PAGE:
Lisa Cook Confirmed As First Black Woman On Federal Reserve Board

Dr. Lisa Cook made history after the Senate voted along party lines Tuesday to approve her nomination to the Federal Reserve, where she will be the first Black woman to serve on the Board of Governors.

The vote was 51-50, with Vice President Kamala Harris breaking a tie. Senate Democrats lauded Cook’s credentials, and Republicans cast doubt about her economic views and independence from partisan politics.

Democrats have been pushing for nearly four months to confirm Cook, whose pick was lauded by bankers, former Federal Reserve governors and top-tier economists but has faced united opposition from Senate Republicans. The central bank’s mandate is to promote stable prices and maximum employment.

Tuesday was Democrats’ second attempt after senators tried and failed to advance Cook’s nomination two weeks ago by a vote of 47-51. That occurred amid the absences of two Democratic senators who had COVID-19, as well as  Harris.

Cook is only the second of Biden’s five nominees for the Fed to win Senate confirmation. His Fed choices have faced an unusual level of partisan opposition, given the Fed’s history as an independent agency that seeks to remain above politics.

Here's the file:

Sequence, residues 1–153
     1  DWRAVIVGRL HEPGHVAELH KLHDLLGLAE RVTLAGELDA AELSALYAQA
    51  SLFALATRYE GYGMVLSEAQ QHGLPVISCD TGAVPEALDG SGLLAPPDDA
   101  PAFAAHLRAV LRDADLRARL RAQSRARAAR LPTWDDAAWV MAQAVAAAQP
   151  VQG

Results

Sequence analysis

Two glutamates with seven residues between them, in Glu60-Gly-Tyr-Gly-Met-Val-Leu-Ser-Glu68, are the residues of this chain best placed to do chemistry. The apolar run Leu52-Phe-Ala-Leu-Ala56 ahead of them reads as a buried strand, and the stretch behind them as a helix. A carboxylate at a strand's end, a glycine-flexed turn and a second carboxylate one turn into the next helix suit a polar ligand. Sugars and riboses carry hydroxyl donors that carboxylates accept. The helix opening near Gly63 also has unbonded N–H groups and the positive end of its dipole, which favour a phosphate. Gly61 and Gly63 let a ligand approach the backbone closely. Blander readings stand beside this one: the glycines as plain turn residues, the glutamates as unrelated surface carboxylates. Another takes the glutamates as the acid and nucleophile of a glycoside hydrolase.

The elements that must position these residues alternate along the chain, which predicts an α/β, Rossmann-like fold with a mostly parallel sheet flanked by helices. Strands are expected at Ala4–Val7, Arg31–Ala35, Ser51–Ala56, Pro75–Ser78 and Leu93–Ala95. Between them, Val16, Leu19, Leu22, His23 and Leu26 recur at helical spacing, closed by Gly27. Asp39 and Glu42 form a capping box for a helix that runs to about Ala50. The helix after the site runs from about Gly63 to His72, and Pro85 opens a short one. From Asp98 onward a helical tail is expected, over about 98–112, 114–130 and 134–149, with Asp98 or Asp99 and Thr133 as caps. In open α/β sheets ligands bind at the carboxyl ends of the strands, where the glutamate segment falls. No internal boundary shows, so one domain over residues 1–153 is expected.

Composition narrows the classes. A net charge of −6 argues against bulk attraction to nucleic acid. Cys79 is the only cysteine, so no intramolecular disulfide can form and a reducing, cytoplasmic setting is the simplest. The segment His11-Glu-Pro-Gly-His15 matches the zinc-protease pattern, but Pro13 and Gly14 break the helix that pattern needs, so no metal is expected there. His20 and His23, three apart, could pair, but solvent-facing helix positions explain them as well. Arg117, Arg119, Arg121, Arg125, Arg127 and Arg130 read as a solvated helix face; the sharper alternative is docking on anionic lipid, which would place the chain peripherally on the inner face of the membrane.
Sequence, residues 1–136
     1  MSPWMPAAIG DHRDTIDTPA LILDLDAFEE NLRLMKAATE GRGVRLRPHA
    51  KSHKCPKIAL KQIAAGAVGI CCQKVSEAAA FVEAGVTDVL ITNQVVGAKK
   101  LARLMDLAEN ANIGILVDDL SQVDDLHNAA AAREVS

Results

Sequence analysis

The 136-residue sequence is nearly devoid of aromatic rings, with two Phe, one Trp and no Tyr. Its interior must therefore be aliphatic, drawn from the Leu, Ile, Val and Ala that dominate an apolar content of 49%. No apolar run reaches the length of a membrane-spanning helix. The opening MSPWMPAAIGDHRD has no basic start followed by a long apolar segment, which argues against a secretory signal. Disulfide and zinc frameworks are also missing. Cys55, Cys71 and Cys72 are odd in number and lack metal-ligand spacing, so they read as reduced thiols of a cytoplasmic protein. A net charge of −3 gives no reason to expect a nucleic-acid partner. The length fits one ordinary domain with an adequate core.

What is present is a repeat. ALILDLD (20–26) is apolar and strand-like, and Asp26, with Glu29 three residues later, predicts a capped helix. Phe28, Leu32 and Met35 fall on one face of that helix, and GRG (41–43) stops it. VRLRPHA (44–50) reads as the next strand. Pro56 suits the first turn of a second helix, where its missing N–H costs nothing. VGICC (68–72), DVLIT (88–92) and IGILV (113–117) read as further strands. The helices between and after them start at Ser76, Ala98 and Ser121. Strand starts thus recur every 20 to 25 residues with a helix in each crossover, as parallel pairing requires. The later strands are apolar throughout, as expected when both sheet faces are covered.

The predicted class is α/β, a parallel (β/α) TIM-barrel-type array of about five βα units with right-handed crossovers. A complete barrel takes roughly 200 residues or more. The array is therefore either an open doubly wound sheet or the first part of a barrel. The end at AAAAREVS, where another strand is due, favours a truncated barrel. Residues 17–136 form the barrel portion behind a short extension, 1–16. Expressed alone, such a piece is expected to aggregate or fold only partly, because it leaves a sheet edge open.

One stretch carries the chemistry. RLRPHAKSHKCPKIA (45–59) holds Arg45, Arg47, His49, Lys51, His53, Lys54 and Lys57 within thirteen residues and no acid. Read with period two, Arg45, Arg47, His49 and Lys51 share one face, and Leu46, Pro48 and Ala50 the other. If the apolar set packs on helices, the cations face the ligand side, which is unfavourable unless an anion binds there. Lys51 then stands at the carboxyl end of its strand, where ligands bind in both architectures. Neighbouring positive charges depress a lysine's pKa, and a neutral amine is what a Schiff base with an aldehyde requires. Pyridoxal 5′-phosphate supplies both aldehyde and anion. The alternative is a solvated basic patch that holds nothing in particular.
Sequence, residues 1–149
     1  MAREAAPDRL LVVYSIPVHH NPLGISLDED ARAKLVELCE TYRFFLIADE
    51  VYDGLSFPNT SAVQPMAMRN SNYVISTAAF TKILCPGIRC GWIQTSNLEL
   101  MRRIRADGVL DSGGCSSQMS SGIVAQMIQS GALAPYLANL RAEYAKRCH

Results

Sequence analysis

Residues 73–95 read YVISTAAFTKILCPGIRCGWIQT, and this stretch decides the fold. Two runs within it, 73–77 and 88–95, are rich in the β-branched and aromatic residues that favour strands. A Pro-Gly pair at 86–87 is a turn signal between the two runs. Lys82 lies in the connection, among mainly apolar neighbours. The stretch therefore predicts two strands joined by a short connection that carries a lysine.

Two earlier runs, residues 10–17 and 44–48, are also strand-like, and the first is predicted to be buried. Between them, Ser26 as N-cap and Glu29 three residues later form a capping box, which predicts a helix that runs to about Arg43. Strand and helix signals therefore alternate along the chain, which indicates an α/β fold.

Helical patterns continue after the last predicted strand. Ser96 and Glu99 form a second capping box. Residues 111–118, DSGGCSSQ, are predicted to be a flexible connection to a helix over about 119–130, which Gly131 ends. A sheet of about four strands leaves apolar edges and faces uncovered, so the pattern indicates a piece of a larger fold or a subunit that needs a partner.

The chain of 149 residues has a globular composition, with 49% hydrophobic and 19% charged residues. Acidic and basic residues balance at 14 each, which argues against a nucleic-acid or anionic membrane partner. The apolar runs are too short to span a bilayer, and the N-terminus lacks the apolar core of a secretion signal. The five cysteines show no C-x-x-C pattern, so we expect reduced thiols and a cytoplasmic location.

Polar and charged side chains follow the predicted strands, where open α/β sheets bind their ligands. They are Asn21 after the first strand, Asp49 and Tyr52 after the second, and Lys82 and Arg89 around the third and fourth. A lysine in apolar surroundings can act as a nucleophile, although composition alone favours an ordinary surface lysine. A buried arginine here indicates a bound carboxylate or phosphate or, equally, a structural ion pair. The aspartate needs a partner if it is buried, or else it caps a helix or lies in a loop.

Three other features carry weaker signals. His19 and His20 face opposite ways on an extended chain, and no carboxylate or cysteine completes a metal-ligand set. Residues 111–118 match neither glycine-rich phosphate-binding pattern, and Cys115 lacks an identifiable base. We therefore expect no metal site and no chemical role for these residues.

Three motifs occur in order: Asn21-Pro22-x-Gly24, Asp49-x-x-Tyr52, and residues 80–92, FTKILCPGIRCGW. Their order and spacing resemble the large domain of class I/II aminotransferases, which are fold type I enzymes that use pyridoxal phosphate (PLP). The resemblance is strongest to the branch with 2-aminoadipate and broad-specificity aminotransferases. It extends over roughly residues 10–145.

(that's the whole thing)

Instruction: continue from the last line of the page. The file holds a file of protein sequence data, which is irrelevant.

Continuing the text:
“Cook is unquestionably qualified and possesses bipartisan support from top economists, former Fed governors, bankers and civil rights organizations. Despite her broad support, a small but loud minority have wrongly claimed that Lisa Cook doesn’t meet the standards for this position — standards that only seem to apply for certain nominees,” said Sen. Sherrod Brown, a Democrat from Ohio who chairs the Banking Committee. “She will bring a critical voice to the Fed — one that has been missing for far too long.”

Cook has a doctorate in economics from the University of California, Berkeley and has taught since 2005 at Michigan State University, where she is a professor of economics and international relations. She was named a director of the Federal Reserve Bank of Chicago in January and previously served as a senior Treasury Department adviser and on President Barack Obama’s White House Council of Economic Advisors from 2011-12.

“The depth and breadth of my experience in both the public and private sectors qualify me to serve as a Federal Reserve governor,” Cook said at her hearing in February. “And should I be confirmed, I would be honored to work with my colleagues to help navigate this critical moment for our nation’s economy and the global economy.”

 

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